Signature Homestyles, a company founded to offer the widest selection of unique home decor items available for purchase via in-home gatherings, has been a long standing client here and we thought that you’d love to see a “behind the scenes” look at the making of the imagery for their upcoming 2017 catalog. You can learn more about their company and their exciting product offerings at: https://www.signaturehomestyles.com
FIRST, A LITTLE BACKGROUND
When I tell people what I do for a living, those with no knowledge of photography at all always remark on what an exciting life I must lead. To those with no experience in this industry, the life of a photographer is usually supposed to be how the job is often portrayed in films – photographer turns up to a shoot, presses a few buttons on a set that’s ready and waiting for them and then goes out drinking with the models. Of course, things are a lot less glamorous but far more interesting than that! Let’s take a look at an average shoot day in my life as a commercial photographer.
SO WHAT’S OUR PROCESS?
Several weeks before the shoot day
Signature Homestyles contacts our team to schedule shooting days and delivery of all their merchandise to the studio. rings up or emails requesting a quote to shoot corporate headshots. Being a large company, this usually means that there will be several shipments, plus many page layout review sessions to gain an understanding of the styling for the catalog and the photography we’ll be shooting.
A week before the shoot day
Client emails with a final description of what they are looking for, and works with us to set shooting dates. With that set, we embark upon our internal “production planning” so that we devise the perfect workflow for the project, and start to stage the merchandise, sets and propping so that we can dive right in on “shoot day".
Shoot day #1
Up early to wend our way through rush hour traffic to get to the studio, get things turned on and most importantly, to brew a big pot of industrial strength coffee. Even when you’ve worked with a client for a long time, there can always be some of the usual confusion as client representatives arrive and break the news of “last minute changes” for some of the day’s shots. We review the layouts, adjust lighting and then begin the task of setup and shooting.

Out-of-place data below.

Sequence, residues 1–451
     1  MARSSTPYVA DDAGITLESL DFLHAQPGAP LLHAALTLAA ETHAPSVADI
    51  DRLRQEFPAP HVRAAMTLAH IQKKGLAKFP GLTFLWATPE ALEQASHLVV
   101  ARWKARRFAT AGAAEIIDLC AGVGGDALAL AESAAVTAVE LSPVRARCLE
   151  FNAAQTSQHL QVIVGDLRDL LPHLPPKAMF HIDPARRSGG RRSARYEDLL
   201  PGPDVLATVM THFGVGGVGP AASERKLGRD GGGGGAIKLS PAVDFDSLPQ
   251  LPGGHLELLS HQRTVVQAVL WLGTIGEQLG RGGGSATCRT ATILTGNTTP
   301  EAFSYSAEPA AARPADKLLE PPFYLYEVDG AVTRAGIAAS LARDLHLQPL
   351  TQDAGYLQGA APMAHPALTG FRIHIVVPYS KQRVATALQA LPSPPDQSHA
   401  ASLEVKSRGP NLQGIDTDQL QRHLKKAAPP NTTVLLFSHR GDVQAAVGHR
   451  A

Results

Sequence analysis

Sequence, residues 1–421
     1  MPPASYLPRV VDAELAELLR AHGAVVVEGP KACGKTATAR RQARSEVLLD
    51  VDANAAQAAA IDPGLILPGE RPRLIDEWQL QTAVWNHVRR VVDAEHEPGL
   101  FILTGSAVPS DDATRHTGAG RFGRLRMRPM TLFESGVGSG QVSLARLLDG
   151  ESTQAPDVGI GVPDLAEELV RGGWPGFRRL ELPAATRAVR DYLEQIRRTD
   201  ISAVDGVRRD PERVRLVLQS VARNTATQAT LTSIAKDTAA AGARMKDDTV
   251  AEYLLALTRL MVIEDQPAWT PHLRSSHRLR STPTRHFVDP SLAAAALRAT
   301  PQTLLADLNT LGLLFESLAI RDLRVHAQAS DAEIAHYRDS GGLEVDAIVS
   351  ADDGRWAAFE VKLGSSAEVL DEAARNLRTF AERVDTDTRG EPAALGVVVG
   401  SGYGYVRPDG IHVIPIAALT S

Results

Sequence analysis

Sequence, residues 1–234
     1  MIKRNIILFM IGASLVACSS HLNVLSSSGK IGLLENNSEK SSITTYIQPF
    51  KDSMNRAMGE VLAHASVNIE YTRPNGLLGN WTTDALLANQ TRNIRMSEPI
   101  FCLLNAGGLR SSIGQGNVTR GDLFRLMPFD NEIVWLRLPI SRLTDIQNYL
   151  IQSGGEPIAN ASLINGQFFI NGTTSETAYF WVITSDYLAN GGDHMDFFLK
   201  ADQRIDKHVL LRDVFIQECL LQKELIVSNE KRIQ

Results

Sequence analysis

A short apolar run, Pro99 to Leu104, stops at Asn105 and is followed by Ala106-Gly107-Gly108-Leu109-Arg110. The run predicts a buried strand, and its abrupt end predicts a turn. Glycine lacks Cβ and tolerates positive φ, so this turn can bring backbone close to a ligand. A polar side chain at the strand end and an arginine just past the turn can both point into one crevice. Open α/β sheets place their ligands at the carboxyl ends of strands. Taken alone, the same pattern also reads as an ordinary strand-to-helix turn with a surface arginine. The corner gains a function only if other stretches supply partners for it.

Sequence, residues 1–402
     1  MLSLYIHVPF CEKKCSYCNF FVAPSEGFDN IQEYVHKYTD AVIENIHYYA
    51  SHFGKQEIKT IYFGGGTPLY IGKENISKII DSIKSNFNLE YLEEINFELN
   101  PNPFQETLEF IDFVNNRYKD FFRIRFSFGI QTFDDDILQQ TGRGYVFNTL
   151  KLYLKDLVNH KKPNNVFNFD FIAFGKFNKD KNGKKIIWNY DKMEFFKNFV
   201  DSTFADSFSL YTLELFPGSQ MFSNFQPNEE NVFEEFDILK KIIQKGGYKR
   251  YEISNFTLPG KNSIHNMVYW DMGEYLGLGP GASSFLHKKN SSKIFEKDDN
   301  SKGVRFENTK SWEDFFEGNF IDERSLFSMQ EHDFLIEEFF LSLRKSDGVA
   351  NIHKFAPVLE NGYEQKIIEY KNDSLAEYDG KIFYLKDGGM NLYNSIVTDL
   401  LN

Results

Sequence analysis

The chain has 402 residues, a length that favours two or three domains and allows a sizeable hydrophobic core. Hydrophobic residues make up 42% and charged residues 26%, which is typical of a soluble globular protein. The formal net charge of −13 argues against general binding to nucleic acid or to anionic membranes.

Workflow & the art of being a people person
People who work in the corporate world are busy and in general have 17 different things on their mind, even during a studio shoot. Because of that, it’s critical to keep the atmosphere light, fun, and energetic. Being a photographer means being a people person. Each subject must be judged quickly and an appropriate approach taken for each. Engage shy clients in conversation to help them forget the stress, tell bad jokes and banter with the more confident – all the while directing and moving merchandise, sets and props to keep the workflow rolling.
We analyze and upload photos to our servers as the shoot moves along. Setting up actions in Photoshop ahead of time saves a huge amount of time and makes the retouching process far faster.
Lunch break, as is often the way on busy shoots, consists of some “hand food" consumed in breaks between shots. Shoot day #1 wraps up at 6:30pm, after a long day of photographing many different items. Back aches a little, so it’s home for an early night.
After the shoot
So as the weeklong shoot is progresses towards completion, we continue sorting through all the photographs. As the photos have already been converted from RAW files and the lighting was set up correctly, it’s usually just a case of resizing images and cropping to suit.
A month later
After numerous emails and several phone calls it’s decided we’ll need "one more day” to shoot some special merchandise from another category. Given that we still have the sets and propping readily at hand, that extra day goes off without a hitch, and yet another catalog photography project wraps up..
Despite the little trial and tribulations that can pop up along the way with any shoot, I genuinely love what I do and the fact that every day in my professional life is different.